“In a crushing reminder of the state’s parched plight, federal officials announced Friday that the Central Valley Project — California’s largest water delivery system — will provide no water this year to Central Valley farmers and only 50 percent of the contracted amount to urban areas such as Santa Clara and Contra Costa counties.”
“Sacramento area leaders are planning for hundreds of thousands of new homes in the coming decades, pegging the region’s economic growth to population growth and new housing starts. Those new residents – along with their houses and lawns – could gulp 50 billion additional gallons of water per year by 2035, if population projections hold and if they consume in the same manner as current residents.”
“Federal officials plan to announce Friday how much water they can release this year through a vast system of rivers, canals and reservoirs, but Central Valley farmers on the front lines of California’s historic drought expect to get little, if anything.
“The drought is affecting California farmers in different ways depending on where they farm. Some will turn to other water sources to make up at least part of the shortfall. Others will have to let some of their farmland go fallow.”
“In November, when it seemed clear that tough, dry times were setting in, the Bear Republic craft brewery gave $466,143 to the tiny Wine Country town to start drilling two new wells, which in turn would help the company expand beer operations. Without that money, the city wouldn’t have been able to dig.”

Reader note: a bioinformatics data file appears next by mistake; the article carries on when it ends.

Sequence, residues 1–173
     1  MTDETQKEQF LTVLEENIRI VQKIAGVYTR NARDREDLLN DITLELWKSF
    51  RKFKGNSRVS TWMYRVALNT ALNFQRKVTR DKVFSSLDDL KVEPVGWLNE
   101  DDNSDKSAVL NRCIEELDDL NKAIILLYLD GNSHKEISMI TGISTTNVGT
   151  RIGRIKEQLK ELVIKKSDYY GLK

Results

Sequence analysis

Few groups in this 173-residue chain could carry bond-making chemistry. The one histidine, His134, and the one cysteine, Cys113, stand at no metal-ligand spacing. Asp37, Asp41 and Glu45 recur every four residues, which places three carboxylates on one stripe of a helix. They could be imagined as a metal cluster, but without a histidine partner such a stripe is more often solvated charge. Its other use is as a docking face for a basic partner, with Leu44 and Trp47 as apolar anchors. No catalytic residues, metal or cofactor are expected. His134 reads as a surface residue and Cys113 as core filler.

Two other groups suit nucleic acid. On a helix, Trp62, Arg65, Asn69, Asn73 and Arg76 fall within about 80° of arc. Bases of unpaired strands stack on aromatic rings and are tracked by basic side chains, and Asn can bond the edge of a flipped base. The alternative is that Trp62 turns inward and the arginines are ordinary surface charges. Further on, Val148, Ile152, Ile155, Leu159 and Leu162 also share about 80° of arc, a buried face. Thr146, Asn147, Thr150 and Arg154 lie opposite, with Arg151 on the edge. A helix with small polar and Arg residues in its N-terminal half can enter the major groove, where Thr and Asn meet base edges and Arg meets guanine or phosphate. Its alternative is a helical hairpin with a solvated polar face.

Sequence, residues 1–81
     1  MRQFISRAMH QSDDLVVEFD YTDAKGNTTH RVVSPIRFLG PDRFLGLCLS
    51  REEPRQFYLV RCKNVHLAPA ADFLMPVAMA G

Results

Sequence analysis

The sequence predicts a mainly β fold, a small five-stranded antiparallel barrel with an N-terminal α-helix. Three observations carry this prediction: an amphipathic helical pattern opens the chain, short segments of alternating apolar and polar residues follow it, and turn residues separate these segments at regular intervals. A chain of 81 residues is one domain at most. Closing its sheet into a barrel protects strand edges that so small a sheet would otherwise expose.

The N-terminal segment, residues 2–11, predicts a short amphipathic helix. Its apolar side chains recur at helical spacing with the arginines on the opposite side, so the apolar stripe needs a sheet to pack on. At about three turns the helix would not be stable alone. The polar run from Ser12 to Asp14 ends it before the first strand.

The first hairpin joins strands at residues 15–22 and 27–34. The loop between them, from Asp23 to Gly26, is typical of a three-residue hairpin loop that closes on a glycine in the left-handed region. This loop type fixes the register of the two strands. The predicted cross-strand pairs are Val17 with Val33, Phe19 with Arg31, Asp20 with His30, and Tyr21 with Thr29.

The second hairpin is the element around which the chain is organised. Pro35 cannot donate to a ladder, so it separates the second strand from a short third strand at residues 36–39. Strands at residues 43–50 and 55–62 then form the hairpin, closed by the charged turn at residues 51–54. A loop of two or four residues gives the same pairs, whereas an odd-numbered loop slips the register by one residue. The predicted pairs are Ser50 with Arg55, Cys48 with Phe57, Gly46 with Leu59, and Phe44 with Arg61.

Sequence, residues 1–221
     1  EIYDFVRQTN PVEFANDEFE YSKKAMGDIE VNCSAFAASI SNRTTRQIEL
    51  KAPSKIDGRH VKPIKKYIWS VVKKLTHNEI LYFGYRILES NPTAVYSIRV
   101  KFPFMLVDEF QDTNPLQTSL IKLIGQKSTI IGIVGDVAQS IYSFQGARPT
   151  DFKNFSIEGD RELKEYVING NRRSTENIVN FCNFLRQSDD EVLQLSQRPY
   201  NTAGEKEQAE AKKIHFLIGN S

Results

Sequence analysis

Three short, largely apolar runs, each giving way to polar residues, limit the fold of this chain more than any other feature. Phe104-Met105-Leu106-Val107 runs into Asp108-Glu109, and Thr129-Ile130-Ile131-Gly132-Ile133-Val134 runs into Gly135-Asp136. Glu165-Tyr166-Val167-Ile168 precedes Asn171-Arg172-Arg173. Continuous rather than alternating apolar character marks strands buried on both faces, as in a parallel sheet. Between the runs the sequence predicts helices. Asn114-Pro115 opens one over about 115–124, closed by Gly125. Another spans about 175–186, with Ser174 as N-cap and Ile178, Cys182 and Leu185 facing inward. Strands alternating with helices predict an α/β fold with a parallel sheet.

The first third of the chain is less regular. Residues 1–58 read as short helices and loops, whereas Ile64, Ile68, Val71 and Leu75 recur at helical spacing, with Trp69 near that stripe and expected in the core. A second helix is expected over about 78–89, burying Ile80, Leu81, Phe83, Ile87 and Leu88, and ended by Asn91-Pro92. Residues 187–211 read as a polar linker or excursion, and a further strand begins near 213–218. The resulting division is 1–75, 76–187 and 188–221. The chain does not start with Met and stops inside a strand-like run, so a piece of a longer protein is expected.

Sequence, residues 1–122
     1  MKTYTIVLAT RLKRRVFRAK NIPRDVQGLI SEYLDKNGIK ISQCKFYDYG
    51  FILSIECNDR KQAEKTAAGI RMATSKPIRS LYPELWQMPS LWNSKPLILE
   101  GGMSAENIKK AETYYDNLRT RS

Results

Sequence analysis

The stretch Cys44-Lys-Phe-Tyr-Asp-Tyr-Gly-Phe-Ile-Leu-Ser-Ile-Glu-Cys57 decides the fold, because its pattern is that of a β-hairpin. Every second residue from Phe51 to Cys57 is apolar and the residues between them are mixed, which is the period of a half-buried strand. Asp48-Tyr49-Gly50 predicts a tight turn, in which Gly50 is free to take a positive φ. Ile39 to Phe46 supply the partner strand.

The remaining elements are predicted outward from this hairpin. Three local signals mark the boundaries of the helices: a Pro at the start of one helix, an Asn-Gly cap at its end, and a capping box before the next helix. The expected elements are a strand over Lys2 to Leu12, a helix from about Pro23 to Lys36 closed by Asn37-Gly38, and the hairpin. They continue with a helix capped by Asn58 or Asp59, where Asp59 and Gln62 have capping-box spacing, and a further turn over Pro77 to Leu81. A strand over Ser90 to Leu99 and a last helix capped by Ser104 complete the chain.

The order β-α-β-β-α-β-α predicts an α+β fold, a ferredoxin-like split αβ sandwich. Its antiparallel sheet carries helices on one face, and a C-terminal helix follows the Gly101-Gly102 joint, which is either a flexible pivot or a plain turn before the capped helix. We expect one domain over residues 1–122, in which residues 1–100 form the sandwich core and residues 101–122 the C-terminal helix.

“The terrifying consequences of California’s ‘drought emergency’ cannot be denied: acres of mature, nut-bearing trees dug up; fertile land unplanted; agriculture jobs gone. Some communities are even struggling to provide drinking water for their residents.”
“The California Department of Public Health announced Tuesday it would offer assistance to three area foothill water districts at risk of running out of water — two at Shaver Lake and one at Bass Lake.”
“In preparation for the Bureau of Reclamation’s initial water year 2014 water allocation announcement in late-February, Reclamation is providing information on water supply conditions for the federal Central Valley Project. Reclamation’s water year runs from October 1 to September 30; the contract year runs from March 1 to February 28.”
“Most of California’s water comes from forests … Now, with a drought on and in the months after the Rim Fire devastated 400 square miles of forest in Tuolumne County, lots of folks who manage forests and water districts are eager to address the problem and work to take better care of forests.”
From the San Francisco Chronicle, in a commentary by David Sedlak:
“Most Bay Area residents obtain their drinking water from a system of reservoirs, canals and pipes that was built during the first half of the 20th century. In the near future, it is likely that we’ll pump a lot of money into this aging system to adapt it to rising sea levels and changes in rainfall patterns.